2022-04-28

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Author：pcb

When conducting **PCB board** wiring, it often happens that when the traces pass through a certain area, due to the limited wiring space in this area, thinner lines have to be used. After passing through this area, the lines return to their original widths. Changes in trace width cause impedance changes and therefore reflections, affecting the signal. So under what circumstances can this effect be ignored, and under what circumstances do we have to consider its effect? Three factors are involved in this effect: the magnitude of the impedance change, the rise time of the signal, and the delay of the signal on the narrow line.

The magnitude of the impedance change is discussed first. The design of many circuits requires that the reflected noise is less than 5% of the voltage swing (this is related to the noise budget on the signal). The approximate rate of change of impedance can be calculated as: △Z/Z1 ≤ 10%. As you probably know, the typical specification for impedance on a circuit board is +/-10%, and that's the root cause.

If the impedance change only occurs, for example, after the line width is changed from 8 mil to 6 mil, and the width remains 6 mil, to achieve the noise budget requirement that the signal reflection noise at the sudden change does not exceed 5% of the voltage swing, the impedance change must be less than 10 %. This is sometimes difficult to do. Take the microstrip line on the FR4 board as an example, let's calculate it. If the line width is 8 mil, the thickness between the line and the reference plane is 4 mil, and the characteristic impedance is 46.5 ohms. After the line width is changed to 6mil, the characteristic impedance becomes 54.2 ohms, and the impedance change rate reaches 20%. The amplitude of the reflected signal must exceed the standard. As for how much it affects the signal, it is also related to the rise time of the signal and the delay from the driving end to the signal at the reflection point. But at least this is a potential problem point. Fortunately, impedance matching termination can solve the problem at this time.

If the impedance changes twice, for example, the line width changes from 8 mil to 6 mil, and then changes back to 8 mil after pulling out 2 cm. Then reflection will occur at both ends of the 2cm long and 6mil wide line. The impedance becomes larger and positive reflection occurs, and then the impedance becomes smaller and negative reflection occurs. If the interval between the two reflections is short enough, the two reflections may cancel each other out, thereby reducing the impact. Assuming that the transmission signal is 1V, 0.2V is reflected in the second regular reflection, 1.2V continues to transmit forward, and -0.2*1.2 = 0.24v is reflected back in the second reflection. Assuming that the 6mil line is extremely short and the two reflections occur almost simultaneously, the total reflected voltage is only 0.04V, which is less than the 5% noise budget requirement. Therefore, whether this reflection affects the signal, and how much, is related to the delay at the impedance change and the rise time of the signal. Research and experiments have shown that as long as the delay at the impedance change is less than 20% of the rise time of the signal, the reflected signal will not cause a problem. If the signal rise time is 1ns, then the delay at the impedance change is less than 0.2ns corresponding to 1.2 inches, and reflections will not cause problems. That is to say, for this case, there is no problem as long as the length of the 6mil wide trace is less than 3cm.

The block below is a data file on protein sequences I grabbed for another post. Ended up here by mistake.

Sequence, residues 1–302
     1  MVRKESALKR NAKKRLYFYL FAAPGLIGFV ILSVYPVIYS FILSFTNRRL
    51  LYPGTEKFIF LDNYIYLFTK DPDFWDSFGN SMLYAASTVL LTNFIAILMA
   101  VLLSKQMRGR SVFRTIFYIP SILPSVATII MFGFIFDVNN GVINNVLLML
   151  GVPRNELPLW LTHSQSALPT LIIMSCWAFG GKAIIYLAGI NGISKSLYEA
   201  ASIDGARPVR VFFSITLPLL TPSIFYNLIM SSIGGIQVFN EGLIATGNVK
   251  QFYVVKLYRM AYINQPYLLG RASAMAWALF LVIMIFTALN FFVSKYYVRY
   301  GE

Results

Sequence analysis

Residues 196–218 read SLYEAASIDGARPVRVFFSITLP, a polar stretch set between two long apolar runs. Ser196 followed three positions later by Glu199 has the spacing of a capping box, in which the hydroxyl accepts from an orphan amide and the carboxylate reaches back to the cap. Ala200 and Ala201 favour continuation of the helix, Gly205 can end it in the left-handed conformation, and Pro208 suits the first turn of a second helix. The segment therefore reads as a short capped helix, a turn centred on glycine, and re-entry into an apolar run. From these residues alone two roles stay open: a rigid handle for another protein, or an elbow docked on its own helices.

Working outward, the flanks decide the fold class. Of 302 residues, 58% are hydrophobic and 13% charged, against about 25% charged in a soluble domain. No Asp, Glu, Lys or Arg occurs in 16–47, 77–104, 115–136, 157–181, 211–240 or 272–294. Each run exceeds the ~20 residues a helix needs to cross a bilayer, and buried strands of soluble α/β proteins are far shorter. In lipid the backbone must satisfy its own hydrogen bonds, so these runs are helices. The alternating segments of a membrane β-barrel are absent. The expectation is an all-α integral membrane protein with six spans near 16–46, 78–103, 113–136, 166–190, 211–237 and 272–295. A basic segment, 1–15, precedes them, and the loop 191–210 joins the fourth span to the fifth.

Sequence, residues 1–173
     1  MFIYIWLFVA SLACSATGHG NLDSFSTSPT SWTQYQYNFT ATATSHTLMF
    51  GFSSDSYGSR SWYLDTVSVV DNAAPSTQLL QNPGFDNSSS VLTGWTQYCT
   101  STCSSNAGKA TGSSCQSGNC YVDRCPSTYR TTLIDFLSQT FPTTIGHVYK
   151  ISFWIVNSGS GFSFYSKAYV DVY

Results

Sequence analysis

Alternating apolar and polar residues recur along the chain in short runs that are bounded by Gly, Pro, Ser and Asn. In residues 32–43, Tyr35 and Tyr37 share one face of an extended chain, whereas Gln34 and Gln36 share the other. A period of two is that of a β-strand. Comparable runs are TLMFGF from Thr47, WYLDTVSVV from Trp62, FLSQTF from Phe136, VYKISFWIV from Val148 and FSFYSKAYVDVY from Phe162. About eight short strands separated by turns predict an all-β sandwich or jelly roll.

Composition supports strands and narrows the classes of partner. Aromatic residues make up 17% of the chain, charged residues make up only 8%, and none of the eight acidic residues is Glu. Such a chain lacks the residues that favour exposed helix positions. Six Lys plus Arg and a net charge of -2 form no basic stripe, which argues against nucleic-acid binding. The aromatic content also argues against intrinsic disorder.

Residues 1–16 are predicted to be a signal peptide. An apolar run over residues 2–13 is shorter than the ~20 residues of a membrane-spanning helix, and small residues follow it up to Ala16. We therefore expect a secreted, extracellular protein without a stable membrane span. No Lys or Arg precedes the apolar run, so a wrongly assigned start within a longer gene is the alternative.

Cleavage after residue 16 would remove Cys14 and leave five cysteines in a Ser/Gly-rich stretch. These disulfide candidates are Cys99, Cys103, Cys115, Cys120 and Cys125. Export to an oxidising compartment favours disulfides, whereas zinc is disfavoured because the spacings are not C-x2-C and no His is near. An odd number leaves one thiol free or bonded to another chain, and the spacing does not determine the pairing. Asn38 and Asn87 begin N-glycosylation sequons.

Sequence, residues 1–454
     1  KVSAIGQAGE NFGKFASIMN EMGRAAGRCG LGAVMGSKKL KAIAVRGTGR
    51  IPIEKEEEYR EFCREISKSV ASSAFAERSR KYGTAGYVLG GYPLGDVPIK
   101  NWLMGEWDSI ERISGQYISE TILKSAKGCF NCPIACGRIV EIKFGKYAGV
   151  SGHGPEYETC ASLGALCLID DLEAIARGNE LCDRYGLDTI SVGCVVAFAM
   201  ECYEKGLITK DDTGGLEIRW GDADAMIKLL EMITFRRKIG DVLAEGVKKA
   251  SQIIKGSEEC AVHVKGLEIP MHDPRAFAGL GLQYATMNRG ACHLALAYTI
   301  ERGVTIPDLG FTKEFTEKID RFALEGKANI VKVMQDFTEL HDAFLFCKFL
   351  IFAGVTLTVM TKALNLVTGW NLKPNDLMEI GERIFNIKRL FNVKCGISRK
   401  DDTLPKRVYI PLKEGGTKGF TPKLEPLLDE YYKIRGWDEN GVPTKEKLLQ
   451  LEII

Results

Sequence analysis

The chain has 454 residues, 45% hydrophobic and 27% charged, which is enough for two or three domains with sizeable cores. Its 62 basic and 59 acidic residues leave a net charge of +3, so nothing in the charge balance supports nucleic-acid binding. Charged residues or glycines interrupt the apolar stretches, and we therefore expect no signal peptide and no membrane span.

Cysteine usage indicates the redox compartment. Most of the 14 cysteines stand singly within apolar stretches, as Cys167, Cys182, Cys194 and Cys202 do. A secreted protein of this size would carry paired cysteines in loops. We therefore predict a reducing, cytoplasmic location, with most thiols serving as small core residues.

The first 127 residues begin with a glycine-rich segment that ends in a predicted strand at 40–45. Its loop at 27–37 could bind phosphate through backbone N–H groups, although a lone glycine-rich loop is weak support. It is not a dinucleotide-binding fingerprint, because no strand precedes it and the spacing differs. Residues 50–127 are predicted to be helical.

When the trace width of the PCB board changes, it should be carefully analyzed according to the actual situation to see if it will affect it. There are three parameters to be concerned about: how large is the impedance change, what is the signal rise time, and how long is the neck of the line width change. Roughly estimate according to the above method, and leave a certain margin appropriately. If possible, try to reduce the length of the neck. It should be pointed out that in the actual PCB board processing, the parameters cannot be as in the theory. The theory can provide guidance for our design, but it cannot be copied or dogmatic. After all, this is a practical science. The estimated value should be revised appropriately according to the actual situation, and then applied to the design. If you feel inexperienced, be conservative first, and then adjust according to the manufacturing cost on **PCB board**.